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The New French Immigration Law II: The Manipulation of the Constitutional Review Process

Théo Fournier (European University Institute)

1 – The use of constitutional review to stay in control of the media narrative

The immigration bill saga has brought to light President Macron’s strategic use of constitutional review to shift both media and public attention away from the sensitive turns in the immigration bill discussions. 

Since his election in 2017, Macron has shown a keen ability to master media narratives. His preferred tool has been organizing national public consultations, whether to reposition himself at the center of media attention (as seen in le Grand Débat National) or to defer decision-making on contentious issues (as evident in the Convention Climat and Convention sur la Fin de Vie). Since 2022, he has made a habit of announcing changes to his management style every time a serious crises occurred (political crises after the loss of the majority and the pension bill, social crisis with the 2023 summer riots).  The end of 2023 may signify a new phase in his strategy of diverting public and media attention. It marked the first instance of openly manipulating constitutional review for this purpose.

The accompanying graph illustrates the impact of constitutional review on media and public attention over time. The timeline indicates the salient political actions taken by the executive power. (Notably, the recent farmers’ protests are excluded as they were largely unforeseen.) The timeline spans from the immigration bill’s adoption on December 19th to the Prime Minister’s address to Parliament on January 30th. The blue line depicts the change over time in the number of searches for “immigration bill” (according to Google Trends) from the day before the bill’s adoption to the day after the Prime Minister’s address. These results track the fluctuation in interest in the topic. Higher values indicate greater interest in the Google search.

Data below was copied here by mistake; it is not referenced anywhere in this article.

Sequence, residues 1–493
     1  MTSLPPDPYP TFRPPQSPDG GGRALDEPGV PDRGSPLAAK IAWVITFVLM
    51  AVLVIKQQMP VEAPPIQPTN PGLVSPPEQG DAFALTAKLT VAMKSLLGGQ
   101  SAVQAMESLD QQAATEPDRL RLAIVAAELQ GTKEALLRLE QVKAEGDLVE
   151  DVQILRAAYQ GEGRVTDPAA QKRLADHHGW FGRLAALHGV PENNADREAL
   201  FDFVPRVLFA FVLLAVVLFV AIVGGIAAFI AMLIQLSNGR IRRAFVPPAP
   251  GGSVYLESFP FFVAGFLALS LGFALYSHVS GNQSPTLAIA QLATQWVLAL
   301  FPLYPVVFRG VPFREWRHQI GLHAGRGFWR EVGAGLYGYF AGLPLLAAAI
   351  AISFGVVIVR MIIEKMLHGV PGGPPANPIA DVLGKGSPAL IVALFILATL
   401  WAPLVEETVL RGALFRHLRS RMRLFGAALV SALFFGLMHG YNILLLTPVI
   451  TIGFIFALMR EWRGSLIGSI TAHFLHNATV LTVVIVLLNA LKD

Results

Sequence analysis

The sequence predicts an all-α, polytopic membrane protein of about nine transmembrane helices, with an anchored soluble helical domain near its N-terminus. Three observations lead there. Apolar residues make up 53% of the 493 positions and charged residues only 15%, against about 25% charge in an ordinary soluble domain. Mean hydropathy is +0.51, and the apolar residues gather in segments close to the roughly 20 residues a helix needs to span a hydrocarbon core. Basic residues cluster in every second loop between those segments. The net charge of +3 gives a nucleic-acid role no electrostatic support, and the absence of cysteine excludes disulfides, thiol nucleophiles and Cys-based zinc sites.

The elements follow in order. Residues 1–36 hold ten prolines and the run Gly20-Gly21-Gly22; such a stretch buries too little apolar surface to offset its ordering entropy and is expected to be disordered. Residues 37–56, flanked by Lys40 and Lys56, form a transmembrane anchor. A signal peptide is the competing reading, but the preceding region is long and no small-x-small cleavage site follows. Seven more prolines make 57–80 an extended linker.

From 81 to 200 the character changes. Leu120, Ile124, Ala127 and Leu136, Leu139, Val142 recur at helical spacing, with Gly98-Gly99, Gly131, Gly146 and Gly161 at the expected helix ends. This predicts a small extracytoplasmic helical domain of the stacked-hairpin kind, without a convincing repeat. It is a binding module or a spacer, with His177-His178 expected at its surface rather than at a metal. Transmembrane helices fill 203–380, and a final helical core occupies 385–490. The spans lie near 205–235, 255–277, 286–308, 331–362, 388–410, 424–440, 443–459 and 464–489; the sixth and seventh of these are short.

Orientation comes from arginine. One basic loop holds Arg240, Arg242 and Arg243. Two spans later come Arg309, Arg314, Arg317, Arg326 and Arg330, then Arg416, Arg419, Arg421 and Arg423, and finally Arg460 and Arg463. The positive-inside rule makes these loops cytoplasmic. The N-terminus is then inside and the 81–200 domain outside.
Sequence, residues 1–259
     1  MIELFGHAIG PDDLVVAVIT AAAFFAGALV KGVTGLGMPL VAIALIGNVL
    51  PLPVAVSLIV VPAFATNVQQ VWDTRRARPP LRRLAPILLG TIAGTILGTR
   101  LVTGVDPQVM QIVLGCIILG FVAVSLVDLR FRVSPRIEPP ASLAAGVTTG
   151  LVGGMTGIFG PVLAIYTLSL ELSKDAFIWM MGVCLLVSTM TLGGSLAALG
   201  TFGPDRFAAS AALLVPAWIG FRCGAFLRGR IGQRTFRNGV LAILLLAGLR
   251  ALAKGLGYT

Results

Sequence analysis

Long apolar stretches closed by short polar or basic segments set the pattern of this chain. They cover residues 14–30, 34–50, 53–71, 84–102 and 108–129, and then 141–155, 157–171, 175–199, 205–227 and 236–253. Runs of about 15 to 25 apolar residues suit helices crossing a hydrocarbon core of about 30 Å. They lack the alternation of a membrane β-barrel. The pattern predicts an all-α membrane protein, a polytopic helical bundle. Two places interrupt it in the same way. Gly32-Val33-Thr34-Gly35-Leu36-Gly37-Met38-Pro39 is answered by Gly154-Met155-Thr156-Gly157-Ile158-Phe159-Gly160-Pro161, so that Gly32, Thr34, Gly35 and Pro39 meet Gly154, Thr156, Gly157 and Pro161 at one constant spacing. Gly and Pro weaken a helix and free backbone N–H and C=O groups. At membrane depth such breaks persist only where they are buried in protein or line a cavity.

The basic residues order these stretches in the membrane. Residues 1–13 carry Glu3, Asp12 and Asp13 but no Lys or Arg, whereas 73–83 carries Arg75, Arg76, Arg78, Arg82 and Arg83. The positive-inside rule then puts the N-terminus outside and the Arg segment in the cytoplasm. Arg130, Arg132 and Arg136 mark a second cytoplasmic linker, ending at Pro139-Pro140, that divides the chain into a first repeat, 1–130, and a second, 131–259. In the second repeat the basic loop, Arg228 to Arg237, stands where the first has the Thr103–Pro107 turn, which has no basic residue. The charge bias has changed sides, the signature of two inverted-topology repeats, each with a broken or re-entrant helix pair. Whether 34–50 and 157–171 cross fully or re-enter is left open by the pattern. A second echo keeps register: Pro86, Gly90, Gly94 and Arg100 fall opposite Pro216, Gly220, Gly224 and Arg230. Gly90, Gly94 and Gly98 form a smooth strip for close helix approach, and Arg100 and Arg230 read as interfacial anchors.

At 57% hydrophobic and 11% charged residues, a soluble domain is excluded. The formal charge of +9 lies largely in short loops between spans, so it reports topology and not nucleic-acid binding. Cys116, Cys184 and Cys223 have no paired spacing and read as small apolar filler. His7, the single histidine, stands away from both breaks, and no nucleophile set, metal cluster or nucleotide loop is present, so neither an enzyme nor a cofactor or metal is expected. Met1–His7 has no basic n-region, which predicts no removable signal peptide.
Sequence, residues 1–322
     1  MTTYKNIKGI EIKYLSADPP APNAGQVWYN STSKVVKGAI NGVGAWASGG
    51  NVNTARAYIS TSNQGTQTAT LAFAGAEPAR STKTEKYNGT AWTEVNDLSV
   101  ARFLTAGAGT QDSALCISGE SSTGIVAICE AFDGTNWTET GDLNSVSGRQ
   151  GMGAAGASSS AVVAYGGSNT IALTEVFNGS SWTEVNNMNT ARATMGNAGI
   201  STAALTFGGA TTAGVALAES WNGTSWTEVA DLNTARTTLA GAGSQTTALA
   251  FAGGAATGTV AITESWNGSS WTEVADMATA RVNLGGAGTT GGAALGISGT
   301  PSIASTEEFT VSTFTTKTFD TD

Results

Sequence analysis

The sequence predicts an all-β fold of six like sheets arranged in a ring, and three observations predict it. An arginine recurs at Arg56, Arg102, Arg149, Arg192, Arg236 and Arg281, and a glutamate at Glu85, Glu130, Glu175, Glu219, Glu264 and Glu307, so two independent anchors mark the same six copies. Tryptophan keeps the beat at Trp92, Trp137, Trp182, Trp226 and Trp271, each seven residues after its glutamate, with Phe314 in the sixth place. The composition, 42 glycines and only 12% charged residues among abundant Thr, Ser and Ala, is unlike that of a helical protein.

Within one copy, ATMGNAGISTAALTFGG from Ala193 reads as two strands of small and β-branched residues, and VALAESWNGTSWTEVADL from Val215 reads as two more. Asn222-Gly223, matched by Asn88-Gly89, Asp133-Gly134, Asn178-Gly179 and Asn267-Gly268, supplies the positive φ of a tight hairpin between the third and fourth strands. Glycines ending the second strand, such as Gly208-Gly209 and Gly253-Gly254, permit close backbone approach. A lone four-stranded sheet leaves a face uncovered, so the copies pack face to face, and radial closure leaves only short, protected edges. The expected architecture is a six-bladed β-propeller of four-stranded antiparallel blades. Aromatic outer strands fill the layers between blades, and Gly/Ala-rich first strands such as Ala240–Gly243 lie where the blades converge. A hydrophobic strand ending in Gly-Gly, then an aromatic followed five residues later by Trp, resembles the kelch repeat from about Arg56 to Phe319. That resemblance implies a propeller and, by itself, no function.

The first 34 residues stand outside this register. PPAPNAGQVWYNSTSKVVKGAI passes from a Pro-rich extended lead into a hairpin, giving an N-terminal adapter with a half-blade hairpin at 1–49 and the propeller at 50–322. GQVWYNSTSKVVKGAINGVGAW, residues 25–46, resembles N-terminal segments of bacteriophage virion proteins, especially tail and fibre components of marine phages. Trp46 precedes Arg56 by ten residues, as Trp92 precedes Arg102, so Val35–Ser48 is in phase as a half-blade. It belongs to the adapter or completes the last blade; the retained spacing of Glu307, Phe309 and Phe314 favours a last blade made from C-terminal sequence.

Figure 2 – Overview of the progressive loss of public interest for the immigration bill


The graph depicts a gradual decline in interest in the immigration bill from its adoption to the promulgation of the law. This waning interest appears to correlate with various political events over the past month. It’s difficult to imagine that this decline wasn’t anticipated by government strategists. 

The referral to the Council effectively halted proceedings for a month, allowing President Macron to shift focus away from the immigration bill and regain control of the media narrative. The timing of the referral, just before the winter break, provided an opportunity for Macron to change his government and appoint Prime Minister Gabriel Attal, whose youth naturally attracted media attention. Other moves such as the appointment of a media-savvy Minister of Culture and the postponement of the Prime Minister’s address to late January further diverted public attention. Macron effectively capitalized on what could be termed a “coattail effect,” diminishing the significance of the Council’s decision and the promulgation of the immigration bill in the eyes of the public. As anticipated, apart from a minor surge on the day of the decision, public interest in the immigration law remained minimal thereafter.

2 – “We are Politicians, not Lawyers”: Another occasion missed to strengthen rule-of-law culture and to fight illiberal rhetoric